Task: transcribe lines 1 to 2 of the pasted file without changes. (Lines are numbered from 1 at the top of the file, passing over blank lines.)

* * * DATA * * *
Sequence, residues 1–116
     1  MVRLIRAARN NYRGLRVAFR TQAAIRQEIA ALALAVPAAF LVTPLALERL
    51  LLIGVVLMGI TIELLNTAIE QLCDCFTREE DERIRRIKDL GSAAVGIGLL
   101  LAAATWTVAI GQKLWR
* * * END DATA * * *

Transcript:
Sequence, residues 1–116
     1  MVRLIRAARN NYRGLRVAFR TQAAIRQEIA ALALAVPAAF LVTPLALERL